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Stop hoarding data!
7 April 2009, by , in Data Management, 2 comments

When working with my clients on data conversions, I always point out that they should convert as little data as possible, since that is easier and typically less expensive.

I also tell my clients to never collect any data they’re not going to use. These days it’s too easy (and cheap) to ask for and collect all kinds of data. But the reality is, we rarely use the data we collect.

Here’s an interesting article from Knowledge@Wharton about managing data. I especially like this:

The problem with the data hoarding approach is that companies can’t use most of the information they keep, adds Fader. Meanwhile, they become data pack rats, chasing an illusory dream of one-to-one marketing, which he says “is a myth. The best thing to do is aggregate information so companies can predict something like, ‘Among all people who bought five times or more, how many times are they likely to buy in the next year?'”

It’s easy to collect data. It’s much more difficult to put that data to good use. You should always be asking yourself: “How are we going to use this data?”

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2 Comments on "Stop hoarding data!"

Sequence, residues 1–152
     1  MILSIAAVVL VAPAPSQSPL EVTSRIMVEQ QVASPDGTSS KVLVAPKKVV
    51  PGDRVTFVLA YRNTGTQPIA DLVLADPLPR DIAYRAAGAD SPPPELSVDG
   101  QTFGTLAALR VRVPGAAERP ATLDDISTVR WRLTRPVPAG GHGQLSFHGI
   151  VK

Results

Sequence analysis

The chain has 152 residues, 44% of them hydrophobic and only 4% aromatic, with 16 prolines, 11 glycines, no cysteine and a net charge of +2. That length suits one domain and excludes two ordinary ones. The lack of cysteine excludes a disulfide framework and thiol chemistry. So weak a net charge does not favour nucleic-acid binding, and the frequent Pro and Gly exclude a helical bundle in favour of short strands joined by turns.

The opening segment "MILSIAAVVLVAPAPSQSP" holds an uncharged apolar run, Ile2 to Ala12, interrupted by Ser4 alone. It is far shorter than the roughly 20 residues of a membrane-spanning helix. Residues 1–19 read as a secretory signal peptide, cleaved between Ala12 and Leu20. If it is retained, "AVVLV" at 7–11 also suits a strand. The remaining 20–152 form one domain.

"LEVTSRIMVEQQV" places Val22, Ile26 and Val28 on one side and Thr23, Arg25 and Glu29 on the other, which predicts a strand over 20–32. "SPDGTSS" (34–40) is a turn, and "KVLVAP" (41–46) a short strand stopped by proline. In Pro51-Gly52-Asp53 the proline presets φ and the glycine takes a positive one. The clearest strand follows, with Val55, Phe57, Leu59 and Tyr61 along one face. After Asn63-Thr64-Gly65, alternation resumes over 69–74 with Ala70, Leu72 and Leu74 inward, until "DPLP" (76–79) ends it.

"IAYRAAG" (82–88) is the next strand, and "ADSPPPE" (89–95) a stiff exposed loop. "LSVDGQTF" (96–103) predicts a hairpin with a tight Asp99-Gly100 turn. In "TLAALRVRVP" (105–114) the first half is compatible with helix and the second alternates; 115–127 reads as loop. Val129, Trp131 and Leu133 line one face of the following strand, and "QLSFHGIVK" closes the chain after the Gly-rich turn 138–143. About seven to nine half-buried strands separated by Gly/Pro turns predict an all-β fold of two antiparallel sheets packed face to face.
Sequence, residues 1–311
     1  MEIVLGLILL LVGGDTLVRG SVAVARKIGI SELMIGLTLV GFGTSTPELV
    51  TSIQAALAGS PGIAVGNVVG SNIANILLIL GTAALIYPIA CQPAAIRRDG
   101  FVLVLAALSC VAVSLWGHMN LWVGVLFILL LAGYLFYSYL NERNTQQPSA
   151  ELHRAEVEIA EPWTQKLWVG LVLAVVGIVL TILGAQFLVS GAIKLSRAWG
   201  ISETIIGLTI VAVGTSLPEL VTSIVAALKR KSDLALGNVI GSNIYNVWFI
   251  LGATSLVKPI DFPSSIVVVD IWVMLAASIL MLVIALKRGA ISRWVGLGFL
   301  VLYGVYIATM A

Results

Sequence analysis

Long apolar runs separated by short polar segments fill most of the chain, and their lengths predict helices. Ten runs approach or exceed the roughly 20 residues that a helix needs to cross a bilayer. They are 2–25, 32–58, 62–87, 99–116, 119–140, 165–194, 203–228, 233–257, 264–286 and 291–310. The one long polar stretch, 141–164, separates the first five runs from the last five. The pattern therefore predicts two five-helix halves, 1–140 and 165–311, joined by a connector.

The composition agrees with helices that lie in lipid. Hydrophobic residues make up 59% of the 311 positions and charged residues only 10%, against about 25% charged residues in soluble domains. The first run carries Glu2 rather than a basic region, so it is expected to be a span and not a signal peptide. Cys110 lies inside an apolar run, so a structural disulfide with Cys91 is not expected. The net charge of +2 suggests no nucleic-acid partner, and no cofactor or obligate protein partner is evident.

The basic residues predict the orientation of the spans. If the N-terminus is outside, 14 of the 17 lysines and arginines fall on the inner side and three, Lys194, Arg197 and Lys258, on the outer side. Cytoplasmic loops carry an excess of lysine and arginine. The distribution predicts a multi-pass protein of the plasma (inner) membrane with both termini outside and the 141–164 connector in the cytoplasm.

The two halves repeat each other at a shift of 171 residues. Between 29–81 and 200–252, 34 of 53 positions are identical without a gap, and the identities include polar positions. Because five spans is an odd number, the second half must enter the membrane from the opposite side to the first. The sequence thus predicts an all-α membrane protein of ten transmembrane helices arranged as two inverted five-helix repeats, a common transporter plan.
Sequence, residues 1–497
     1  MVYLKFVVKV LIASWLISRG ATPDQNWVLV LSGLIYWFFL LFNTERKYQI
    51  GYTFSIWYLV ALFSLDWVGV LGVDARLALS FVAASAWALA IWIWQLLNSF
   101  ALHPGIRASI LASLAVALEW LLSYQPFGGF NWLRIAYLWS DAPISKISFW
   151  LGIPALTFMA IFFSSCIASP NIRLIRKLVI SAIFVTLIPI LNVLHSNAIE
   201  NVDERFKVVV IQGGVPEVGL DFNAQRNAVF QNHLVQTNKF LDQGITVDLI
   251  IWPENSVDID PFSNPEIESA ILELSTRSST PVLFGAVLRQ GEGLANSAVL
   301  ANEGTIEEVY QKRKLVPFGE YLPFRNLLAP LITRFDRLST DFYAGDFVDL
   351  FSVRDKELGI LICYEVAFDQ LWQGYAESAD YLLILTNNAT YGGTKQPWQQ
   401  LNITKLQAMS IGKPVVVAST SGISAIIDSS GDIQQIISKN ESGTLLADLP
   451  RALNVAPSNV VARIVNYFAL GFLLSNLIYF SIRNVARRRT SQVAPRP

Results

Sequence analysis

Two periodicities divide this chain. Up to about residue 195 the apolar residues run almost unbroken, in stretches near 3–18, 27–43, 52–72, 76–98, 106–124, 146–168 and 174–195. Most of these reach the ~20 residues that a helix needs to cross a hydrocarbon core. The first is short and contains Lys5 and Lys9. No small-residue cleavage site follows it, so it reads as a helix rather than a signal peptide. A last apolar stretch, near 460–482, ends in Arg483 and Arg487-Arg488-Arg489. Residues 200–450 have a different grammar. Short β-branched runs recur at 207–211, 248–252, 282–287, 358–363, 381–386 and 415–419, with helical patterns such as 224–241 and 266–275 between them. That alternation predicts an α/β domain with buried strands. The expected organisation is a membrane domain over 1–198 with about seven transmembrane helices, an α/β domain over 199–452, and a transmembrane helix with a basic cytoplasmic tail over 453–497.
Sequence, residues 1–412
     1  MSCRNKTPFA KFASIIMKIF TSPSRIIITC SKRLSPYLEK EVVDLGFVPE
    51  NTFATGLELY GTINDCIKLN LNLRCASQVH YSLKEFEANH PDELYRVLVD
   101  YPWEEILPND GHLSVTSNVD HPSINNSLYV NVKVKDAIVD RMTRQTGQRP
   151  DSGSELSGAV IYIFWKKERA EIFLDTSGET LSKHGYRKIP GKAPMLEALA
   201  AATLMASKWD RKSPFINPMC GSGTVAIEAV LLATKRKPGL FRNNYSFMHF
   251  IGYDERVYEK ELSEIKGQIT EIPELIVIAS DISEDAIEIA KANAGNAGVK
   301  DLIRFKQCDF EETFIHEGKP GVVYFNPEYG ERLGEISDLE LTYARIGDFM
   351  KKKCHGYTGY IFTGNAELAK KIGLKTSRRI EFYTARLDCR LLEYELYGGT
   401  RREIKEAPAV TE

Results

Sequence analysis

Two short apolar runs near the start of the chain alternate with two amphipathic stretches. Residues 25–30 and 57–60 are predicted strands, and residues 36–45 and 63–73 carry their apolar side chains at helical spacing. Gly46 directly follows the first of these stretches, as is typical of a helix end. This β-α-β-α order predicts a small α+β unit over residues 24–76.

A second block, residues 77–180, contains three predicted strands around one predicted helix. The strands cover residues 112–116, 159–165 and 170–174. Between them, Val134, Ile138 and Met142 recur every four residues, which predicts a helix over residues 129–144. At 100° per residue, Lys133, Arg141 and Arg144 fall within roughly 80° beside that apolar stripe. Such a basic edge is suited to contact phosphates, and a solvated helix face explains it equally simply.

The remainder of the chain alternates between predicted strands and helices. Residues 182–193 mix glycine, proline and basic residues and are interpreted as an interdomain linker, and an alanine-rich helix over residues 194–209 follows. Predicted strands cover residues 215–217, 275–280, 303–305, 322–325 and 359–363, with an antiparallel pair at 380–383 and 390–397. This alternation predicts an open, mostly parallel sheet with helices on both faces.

Scott Oser - 8 April 2009 Reply

Wes, You make a really good point. Collecting and keeping data just for the sake of collecting and keeping data is not cost or resource effective. Whenever I read about organizations doing it I think of companies like Giant and CVS and Safeway. Everyone one of them now makes me have a card in order to get their special pricing. Obviously they are using it to track data on my purchases. I still have yet to figure out how they are using that data considering I rarely if ever get special promotions that are based on my past purchases. Could I be selling them short and assuming the worst when the reason they are sending me coupons for things I never buy is because they want me to try them? For some of the items they promote to me you might be able to convince me that is the case. When they offer me discounted diapers even though I have a 9 and an 11 year old it proves my theory that they are sitting on tons and tons of info and not doing anything with it but hoarding it.

Wes Trochlil - 13 April 2009 Reply

Scott, funny you should mention that, because I've had the exact opposite experience at Giant. The coupons they spit out at me always seem to be dead on with what I'm using (or have recently used) from OTC medicines to yogurt for the kids.

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“Wes was able to come in and offer tangible, relevant advice that made us more productive immediately. I value his understanding of databases but more so, his understanding of how nonprofits work. There was no lost time educating him about how membership organizations are “different.” Wes recommended changes in processes as well as tips and tricks that were easy to implement made an immediate positive impact.”

Mary Pat Paris, Executive Director
International Registration Plan

Mary Pat Paris
International Registration Plan

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Western Arts Alliance

Tim Wilson
Western Arts Alliance
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